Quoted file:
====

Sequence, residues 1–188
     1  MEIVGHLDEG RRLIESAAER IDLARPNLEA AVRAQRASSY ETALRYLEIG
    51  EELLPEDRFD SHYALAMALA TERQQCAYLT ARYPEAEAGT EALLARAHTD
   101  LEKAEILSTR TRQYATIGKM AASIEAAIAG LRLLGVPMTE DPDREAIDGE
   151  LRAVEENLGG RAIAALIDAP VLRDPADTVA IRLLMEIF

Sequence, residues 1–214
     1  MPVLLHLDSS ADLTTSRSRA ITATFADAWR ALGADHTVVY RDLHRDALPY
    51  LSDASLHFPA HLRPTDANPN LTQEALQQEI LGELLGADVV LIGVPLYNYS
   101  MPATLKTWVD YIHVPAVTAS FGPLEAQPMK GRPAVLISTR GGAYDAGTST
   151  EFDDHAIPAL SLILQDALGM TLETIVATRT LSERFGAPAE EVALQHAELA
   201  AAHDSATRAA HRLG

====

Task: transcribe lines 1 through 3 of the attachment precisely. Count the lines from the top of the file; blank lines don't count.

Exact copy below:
Sequence, residues 1–188
     1  MEIVGHLDEG RRLIESAAER IDLARPNLEA AVRAQRASSY ETALRYLEIG
    51  EELLPEDRFD SHYALAMALA TERQQCAYLT ARYPEAEAGT EALLARAHTD